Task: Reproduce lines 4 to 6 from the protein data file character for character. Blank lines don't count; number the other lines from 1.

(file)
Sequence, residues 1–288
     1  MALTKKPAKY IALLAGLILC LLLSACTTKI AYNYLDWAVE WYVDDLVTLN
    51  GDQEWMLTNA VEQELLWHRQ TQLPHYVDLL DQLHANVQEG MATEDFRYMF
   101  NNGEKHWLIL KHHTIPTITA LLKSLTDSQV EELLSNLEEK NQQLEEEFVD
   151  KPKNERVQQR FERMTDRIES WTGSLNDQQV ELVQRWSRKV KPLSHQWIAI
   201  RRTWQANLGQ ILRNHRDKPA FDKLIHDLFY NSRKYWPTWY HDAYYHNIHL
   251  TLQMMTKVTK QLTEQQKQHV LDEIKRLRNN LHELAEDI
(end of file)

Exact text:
   101  NNGEKHWLIL KHHTIPTITA LLKSLTDSQV EELLSNLEEK NQQLEEEFVD
   151  KPKNERVQQR FERMTDRIES WTGSLNDQQV ELVQRWSRKV KPLSHQWIAI
   201  RRTWQANLGQ ILRNHRDKPA FDKLIHDLFY NSRKYWPTWY HDAYYHNIHL